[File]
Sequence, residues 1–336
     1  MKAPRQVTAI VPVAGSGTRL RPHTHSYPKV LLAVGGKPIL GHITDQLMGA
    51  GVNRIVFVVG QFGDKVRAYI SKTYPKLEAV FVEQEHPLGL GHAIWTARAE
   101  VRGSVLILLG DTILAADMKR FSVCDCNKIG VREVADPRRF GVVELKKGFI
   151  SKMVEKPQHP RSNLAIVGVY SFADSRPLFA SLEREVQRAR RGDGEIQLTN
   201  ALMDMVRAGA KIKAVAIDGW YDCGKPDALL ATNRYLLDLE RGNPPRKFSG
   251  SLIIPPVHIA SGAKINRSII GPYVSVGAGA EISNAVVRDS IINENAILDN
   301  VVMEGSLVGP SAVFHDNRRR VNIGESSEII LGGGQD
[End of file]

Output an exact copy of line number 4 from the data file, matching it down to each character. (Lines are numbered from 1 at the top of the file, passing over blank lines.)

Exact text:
   101  VRGSVLILLG DTILAADMKR FSVCDCNKIG VREVADPRRF GVVELKKGFI